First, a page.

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How to Remove 5 Common Stains Like an Expert

Red wine on your trousers? Stuffing on your shirt? Don’t panic—read this.

By Madeleine Kim

In my family, Thanksgiving is the only holiday that always involves both dressy outfits and marathon-level eating. And for me, spills are inevitable—but they don’t have to spell doom for my favorite festive pieces. To prepare for the holiday, I decided to brush up on my laundry game by chatting with M.M.’s knitwear designer, Annie, and her dad, Dae, who owns the organic dry-cleaning company Coastal Cleaners

“My dad has owned his dry-cleaning business for over 25 years, and he’s more hands-on than most,” says Annie. “As an extremely messy eater who just loves food, I personally have given him a lot of experience and challenges.” Annie says her dad is always sharing at-home cleaning tips to help her avoid dry cleaning (she’s even thought about starting a blog called “The Dry-Cleaner’s Daughter”)—but he also tells her when professional help is necessary to save a garment. “Some of my favorite clothes and vintage finds were salvaged and can be worn with pride thanks to him,” she says. “As someone who designs clothes, I couldn’t have been luckier.”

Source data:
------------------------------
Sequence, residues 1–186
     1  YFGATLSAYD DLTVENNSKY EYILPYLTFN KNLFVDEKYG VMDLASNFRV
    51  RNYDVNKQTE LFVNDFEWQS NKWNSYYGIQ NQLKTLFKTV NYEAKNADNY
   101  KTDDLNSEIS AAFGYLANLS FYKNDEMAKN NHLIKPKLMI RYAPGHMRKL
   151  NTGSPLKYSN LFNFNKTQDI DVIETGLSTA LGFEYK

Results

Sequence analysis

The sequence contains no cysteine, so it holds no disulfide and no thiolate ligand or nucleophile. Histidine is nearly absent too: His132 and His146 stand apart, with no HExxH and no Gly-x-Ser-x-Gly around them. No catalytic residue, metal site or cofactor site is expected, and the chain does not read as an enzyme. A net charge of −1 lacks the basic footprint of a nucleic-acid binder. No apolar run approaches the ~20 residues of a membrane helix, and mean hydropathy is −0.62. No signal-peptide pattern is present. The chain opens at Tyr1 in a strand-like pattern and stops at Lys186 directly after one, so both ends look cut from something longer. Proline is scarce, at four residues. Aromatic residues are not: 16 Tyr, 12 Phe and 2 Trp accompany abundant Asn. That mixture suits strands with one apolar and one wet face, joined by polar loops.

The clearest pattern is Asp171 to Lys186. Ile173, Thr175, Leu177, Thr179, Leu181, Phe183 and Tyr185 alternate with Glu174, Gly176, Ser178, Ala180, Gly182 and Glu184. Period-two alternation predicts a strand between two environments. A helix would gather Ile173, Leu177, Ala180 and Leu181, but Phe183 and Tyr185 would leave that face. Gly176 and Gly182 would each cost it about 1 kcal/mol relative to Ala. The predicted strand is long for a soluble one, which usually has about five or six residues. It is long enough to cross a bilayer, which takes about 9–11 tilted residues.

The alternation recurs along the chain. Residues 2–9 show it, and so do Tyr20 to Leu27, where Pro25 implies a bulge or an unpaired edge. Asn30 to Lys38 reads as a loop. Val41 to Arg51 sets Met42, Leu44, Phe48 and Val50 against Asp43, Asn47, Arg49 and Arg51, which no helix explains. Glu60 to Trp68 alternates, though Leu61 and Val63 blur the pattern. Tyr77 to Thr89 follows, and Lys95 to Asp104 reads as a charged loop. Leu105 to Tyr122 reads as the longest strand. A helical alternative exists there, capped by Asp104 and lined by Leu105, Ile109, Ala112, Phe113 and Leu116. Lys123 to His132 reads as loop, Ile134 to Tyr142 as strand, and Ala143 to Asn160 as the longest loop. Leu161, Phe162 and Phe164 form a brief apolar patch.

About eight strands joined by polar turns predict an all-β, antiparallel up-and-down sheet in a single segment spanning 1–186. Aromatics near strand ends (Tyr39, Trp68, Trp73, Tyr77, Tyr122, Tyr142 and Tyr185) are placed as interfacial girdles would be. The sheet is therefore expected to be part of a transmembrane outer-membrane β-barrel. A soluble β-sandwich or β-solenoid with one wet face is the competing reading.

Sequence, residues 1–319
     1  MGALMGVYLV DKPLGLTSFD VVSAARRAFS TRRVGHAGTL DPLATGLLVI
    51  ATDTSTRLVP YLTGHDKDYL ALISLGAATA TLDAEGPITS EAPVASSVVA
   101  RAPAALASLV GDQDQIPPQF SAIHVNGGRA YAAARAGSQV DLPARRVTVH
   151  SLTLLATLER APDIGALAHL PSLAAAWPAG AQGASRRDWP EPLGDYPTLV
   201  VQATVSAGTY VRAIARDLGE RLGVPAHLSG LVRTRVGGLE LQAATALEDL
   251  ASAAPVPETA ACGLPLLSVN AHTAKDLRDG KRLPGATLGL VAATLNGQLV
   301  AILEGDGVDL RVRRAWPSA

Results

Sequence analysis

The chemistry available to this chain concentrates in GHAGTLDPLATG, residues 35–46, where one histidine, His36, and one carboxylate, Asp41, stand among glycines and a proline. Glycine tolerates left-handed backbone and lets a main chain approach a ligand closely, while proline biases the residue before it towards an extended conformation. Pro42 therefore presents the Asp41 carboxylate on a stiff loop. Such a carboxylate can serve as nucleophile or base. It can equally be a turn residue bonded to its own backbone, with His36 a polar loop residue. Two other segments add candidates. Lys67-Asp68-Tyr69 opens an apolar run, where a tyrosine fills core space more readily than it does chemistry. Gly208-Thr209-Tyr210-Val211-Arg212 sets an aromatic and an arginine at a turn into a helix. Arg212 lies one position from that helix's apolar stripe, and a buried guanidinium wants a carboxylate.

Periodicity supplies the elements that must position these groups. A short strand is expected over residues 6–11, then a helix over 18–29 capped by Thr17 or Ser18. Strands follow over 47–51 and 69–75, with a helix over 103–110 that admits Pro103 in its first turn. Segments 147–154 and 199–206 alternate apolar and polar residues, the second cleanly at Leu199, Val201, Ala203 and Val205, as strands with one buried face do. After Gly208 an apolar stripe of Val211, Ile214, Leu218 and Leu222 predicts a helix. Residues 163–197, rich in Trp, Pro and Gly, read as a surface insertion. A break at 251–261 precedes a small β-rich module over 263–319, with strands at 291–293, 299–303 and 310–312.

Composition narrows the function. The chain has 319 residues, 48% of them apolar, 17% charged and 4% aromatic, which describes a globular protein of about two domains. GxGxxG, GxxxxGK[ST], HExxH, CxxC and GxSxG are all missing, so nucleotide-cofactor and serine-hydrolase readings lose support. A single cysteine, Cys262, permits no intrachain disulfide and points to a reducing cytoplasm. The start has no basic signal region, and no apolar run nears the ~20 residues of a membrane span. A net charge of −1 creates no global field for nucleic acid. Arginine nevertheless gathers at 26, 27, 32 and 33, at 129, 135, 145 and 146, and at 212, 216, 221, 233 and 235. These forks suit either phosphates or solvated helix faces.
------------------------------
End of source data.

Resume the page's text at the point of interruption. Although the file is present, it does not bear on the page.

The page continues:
Here’s everything you need to know about stain removal, according to Annie and Dae.

The Cardinal Rule of Stain Removal

If you remember anything from this guide, let it be this: When it comes to removing stains, time is of the essence. It can be tempting to toss a stained garment into your hamper, forget about it, and hope for the best on laundry day—but the sooner you take action, the better chance you have of salvaging your piece. If you stain your clothing and don’t have time to spot treat it right away, lay the piece on your bed (or somewhere else you won’t be able to miss it) so you remember to do it before you go to sleep that night.

How to Treat Common Stains

Red Wine Stains

“You should bring anything stained with red wine to the dry cleaners, because they can get it out easily,” says Dae. While some red wine stains can be removed using at-home methods (and there are many, as a quick Google search will show), DIY techniques don’t always work. If you’re unsuccessful in removing red wine yourself, you could permanently stain your garment.